The two-year state budget lawmakers sent to Gov. Matt Bevin softened state layoff language in it that the Republican governor did not want changed.
The head of the Kentucky Association of State Employees said Friday he would not be surprised to see Bevin veto the language in the budget legislators approved earlier this week and sent to Bevin for his consideration.
“We’re holding our breath to see what the governor does with the layoff language in the budget bill,” said David Smith, executive director of the state workers group. “I think he will veto it and try to do something else to target state workers, like something through executive order. I personally think he’s highly vindictive of state workers.”
Bevin’s communications office did not respond to a request for comment. If he vetoes the language, lawmakers would have an opportunity to override the veto when they reconvene on April 13 and 14 for the final two days of this year’s law-making session.
The Senate had gone along with Bevin’s proposal to make it easier to lay off state employees and strip them of their right to appeal that decision to the Kentucky Personnel Board. The GOP-led House earlier had removed the language from its proposed budget.
The language is a procedural outline for laying off, furloughing or reducing hours of state employees.
Smith and other critics say Bevin’s initial proposal would circumvent the state’s Merit System, created in 1960 to ensure that all state merit — or non-managerial — positions are filled by the most qualified individuals, without political influence, and protects state employees to perform their jobs without political influence. There are about 30,000 state workers in the Merit System.
Bevin had pledged to reduce the size of government as a candidate in 2015.
A compromise state budget by House and Senate conferees made three major changes in what Bevin and the Senate wanted.
Under Bevin’s plan, state agency heads, with the approval of the Personnel Cabinet secretary, would have the authority to lay off or furlough employees or reduce their hours for lack of funds, lack of work, the abolishment of a position, efficiency or changes in duties or organization.
The compromise budget deleted “efficiency” as a reason to lay off workers. “No one knew what that really meant,” Smith said. “It could be applied to many things. That would give the administration too much power.”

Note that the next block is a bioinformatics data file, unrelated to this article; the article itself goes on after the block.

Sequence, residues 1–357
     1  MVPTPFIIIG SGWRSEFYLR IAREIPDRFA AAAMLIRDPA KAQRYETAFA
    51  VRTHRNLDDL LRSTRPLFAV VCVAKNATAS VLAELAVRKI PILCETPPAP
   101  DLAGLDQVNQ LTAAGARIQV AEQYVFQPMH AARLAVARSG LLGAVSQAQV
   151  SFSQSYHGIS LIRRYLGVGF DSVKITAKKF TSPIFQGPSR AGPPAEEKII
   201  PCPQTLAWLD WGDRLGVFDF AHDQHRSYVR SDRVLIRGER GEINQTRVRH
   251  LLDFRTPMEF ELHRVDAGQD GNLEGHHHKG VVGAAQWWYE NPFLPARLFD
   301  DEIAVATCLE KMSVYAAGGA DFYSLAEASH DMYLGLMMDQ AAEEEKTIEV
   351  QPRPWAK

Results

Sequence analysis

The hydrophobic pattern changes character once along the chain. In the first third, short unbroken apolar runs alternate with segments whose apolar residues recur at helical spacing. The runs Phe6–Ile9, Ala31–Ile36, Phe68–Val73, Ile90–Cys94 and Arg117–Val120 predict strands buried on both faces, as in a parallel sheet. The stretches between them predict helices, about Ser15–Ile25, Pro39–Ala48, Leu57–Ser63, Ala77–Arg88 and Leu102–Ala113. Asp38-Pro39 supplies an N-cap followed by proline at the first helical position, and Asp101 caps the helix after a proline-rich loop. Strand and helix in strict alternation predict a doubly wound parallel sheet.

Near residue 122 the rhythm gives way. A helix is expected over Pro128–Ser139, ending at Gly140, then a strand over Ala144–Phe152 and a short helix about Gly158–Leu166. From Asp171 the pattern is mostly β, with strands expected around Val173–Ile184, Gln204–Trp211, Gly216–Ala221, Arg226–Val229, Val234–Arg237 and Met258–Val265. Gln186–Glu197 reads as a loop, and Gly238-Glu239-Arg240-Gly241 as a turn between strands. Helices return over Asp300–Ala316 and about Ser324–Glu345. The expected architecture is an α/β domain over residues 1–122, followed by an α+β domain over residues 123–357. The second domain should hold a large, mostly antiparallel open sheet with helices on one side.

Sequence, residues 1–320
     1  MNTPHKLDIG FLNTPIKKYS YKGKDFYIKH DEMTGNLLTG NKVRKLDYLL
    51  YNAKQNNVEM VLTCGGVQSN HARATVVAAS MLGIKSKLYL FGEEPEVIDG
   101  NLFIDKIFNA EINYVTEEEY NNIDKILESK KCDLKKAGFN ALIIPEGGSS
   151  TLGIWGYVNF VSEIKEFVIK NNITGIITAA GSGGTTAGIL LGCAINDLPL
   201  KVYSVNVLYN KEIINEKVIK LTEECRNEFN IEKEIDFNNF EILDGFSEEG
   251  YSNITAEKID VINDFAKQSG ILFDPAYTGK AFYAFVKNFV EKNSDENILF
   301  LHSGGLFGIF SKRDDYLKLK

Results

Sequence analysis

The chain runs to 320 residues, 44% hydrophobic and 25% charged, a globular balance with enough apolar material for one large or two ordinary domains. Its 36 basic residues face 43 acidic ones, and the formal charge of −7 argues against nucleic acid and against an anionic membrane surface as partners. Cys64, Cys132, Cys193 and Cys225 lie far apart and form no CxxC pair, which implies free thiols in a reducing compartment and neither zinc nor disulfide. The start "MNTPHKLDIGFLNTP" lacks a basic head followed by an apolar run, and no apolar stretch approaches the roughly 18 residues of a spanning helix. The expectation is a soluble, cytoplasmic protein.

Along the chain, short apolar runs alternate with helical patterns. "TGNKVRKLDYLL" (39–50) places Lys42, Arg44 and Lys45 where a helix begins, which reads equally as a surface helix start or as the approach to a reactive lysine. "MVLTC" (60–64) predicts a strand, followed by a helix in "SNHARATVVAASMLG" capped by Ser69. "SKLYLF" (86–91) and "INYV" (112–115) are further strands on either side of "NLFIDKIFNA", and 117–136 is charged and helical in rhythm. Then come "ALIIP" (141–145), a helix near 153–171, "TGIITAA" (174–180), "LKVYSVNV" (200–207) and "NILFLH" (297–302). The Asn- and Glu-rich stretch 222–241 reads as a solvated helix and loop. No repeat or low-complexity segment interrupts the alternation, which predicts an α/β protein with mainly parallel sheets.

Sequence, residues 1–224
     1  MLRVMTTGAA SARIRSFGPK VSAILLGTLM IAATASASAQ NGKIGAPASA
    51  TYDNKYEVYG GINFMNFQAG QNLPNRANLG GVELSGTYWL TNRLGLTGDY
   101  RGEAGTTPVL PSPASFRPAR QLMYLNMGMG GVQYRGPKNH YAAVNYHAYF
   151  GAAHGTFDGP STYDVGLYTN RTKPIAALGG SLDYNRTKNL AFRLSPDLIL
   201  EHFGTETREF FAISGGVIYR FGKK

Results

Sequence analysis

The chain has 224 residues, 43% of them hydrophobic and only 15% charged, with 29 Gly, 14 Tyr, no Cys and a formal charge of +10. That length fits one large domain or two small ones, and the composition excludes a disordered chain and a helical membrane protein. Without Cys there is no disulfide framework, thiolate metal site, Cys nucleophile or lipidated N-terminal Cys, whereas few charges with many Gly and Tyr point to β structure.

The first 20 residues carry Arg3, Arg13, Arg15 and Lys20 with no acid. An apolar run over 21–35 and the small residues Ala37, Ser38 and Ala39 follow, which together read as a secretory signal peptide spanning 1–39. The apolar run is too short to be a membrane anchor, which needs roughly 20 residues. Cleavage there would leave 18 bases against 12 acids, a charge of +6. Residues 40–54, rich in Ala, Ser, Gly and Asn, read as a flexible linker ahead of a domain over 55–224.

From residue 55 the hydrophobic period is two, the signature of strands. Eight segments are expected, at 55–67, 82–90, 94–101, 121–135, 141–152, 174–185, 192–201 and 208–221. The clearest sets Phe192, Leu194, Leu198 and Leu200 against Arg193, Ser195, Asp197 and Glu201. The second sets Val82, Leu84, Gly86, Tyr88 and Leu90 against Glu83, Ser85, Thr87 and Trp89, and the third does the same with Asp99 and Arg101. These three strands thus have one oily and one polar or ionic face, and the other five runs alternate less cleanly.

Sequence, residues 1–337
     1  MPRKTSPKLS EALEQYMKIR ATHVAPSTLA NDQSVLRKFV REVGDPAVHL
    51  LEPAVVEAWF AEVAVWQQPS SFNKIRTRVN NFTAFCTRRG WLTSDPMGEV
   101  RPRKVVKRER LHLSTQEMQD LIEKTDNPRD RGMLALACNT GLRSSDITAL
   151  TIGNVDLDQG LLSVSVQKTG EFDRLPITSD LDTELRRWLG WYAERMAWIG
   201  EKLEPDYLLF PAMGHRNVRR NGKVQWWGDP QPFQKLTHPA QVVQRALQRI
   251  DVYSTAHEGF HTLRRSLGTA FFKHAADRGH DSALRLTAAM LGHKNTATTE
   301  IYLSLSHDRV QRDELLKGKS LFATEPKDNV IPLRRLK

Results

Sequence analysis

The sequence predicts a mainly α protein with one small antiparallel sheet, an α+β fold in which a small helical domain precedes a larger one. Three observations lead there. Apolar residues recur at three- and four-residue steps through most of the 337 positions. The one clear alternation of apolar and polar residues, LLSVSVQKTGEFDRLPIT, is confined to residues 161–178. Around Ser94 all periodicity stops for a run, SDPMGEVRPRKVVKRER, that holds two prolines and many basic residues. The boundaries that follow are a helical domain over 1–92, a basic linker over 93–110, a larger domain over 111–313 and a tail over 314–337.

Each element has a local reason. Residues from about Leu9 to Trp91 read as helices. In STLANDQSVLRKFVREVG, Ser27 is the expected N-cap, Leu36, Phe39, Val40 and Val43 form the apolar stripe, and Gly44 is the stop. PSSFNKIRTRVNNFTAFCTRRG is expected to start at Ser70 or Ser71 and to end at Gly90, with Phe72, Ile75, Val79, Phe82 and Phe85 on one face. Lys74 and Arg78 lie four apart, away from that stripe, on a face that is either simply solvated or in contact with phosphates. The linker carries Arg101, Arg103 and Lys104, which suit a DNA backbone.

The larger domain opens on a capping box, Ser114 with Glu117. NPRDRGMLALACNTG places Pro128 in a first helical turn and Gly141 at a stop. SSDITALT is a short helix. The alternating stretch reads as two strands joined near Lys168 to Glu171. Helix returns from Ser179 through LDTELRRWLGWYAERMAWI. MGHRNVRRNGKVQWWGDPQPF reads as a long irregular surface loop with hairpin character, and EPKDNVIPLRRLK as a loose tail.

Currently, agencies can only lay off state workers due to lack of work, the abolishment of a position or a material change in duties or organization after all other cost-saving measures have been taken and have failed.
Bevin also proposed cutting the time laid-off workers are kept on a re-employment register to be rehired over other applicants from five years to two years.
The compromise budget kept the two-year limit, but said the rehiring can only be in the same job classification. For example, a laid-off state nurse could be on the re-employment register for two years but only could be rehired as a nurse.
Bevin’s plan also said layoffs, furloughs and hour reductions could not be appealed to the Kentucky Personnel Board or other applicable administrative body.
The compromise budget said the job actions could be appealed to the proper administrative body.
The seven-member personnel board hears appeals from state employees who believe they have been penalized without cause and conducts investigations of Merit System violations. The agency decided 246 cases in fiscal year 2016, including two that returned dismissed employees to their jobs and six that reversed the state’s decision to penalize a worker. Penalties against workers were reduced in 14 other cases and settlements were reached in 44 cases.
Smith said all the language involving state workers should have been considered in a separate bill with public committee hearings and not in the budget bill.
Senate President Robert Stivers, R-Manchester, said the House and Senate conferees on the budget came up with “balancing a realistic, fair approach to dealing with workers and the possibility of needing to trim the size of the state workforce.”